This guest post is by Simon King. He's a photographer in the UK who I "met" in Facebook Wedding Photographers when he posted a short summary of images he was shooting of a close friend fighting the battle with cancer. While it's not directly related to anything about wedding photography it hits right on target with the way every photographer should be working to give back to their community.
If a picture really is worth a thousand words, then Simon's image below matches everything Shakespeare ever wrote!
If you'd like to see more of Simon's work check out his website, his Facebook page or join him in the Facebook Wedding Photographers forum. Skip Cohen
Recently a dear friend of ours was diagnosed with a rare and aggressive form of cancer. I had a family shoot planned with them ahead of Christmas but this changed things. Rather than asking for payment for the shoot I wanted to provide it as a lasting gift to the family. The friend, a wife and mother of two boys was told she has months to live rather than years! I pushed them a little to fit the shoot in before any treatment was started, so that the boys and their father would have photographs of their mother as they will want to remember her.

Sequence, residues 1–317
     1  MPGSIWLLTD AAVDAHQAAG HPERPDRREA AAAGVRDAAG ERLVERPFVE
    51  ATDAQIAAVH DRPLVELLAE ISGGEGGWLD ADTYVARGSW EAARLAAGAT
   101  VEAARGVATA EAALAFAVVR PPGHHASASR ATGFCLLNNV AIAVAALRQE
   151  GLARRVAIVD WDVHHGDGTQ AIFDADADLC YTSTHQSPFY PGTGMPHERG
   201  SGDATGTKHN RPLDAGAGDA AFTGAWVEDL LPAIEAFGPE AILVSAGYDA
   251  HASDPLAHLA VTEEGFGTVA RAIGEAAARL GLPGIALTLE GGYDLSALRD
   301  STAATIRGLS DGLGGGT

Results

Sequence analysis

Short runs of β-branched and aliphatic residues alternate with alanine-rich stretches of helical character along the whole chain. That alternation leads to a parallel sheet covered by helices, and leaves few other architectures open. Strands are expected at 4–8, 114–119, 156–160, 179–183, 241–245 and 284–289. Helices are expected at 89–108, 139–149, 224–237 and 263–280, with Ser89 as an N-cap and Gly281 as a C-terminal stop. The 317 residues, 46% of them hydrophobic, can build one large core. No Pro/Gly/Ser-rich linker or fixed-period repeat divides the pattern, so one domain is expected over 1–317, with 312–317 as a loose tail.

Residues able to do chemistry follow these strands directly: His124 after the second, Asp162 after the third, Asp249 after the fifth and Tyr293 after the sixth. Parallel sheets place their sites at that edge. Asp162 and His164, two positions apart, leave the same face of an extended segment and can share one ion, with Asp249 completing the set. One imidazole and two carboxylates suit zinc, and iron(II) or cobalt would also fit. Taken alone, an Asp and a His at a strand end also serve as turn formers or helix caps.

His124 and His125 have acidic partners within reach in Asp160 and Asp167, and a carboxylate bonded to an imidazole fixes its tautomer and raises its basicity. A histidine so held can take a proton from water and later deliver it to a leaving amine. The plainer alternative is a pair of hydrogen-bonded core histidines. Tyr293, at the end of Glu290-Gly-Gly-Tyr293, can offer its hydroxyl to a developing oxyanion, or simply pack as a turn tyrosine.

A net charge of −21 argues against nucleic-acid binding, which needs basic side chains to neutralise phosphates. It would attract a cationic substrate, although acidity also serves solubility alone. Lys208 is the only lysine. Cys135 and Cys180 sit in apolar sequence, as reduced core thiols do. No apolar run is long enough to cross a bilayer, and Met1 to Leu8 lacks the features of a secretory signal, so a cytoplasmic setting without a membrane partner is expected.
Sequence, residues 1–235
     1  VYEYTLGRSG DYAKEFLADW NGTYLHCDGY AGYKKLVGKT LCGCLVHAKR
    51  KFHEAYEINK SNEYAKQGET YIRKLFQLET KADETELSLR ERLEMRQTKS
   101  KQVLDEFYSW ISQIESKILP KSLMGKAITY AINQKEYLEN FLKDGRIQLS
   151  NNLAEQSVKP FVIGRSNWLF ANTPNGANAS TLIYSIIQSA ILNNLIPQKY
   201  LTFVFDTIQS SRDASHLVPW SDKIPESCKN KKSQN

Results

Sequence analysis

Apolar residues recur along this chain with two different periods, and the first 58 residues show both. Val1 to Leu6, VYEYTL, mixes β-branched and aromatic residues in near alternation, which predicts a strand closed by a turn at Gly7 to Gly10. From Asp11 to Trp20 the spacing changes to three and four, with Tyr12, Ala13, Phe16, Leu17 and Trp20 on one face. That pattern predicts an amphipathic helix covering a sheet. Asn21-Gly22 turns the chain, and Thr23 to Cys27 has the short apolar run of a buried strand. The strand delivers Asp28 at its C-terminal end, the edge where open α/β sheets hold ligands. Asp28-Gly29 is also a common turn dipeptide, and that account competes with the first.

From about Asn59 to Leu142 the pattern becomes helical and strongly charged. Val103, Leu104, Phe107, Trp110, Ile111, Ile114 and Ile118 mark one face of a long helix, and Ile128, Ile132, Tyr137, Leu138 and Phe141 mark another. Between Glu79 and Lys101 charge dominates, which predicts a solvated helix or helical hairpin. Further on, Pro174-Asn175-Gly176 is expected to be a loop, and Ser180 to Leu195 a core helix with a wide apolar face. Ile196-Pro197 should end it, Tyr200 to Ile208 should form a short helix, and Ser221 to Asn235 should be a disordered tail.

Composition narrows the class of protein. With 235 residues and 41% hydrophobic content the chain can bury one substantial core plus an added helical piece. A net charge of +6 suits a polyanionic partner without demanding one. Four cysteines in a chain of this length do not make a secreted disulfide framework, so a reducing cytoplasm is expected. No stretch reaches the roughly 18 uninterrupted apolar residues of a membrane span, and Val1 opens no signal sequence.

In the UK recently the weather hasn’t been great as we’re into autumn and there has been a lot of rain. However, on the day of the shoot the weather changed and we had some soft autumn light. We got some lovely moving photographs and the thing that really struck me is that the mum had a smile in every photograph.
I processed the photographs as quickly as I could and created a private gallery for the family. That’s when I got the real payback - one of the photographs has the two boys kissing their mother on the cheek. I heard back from them pretty quickly, being told that the picture brought a tear of joy to the mother. Whilst I can’t bank that feeling, it will keep my spirits high for some time to come as my photograph brought some joy to somebody who so richly deserved it.
So when you have a customer who is being difficult or picky, why not take on a project that gives something back and rewards both you and the recipient in ways that money simply cannot.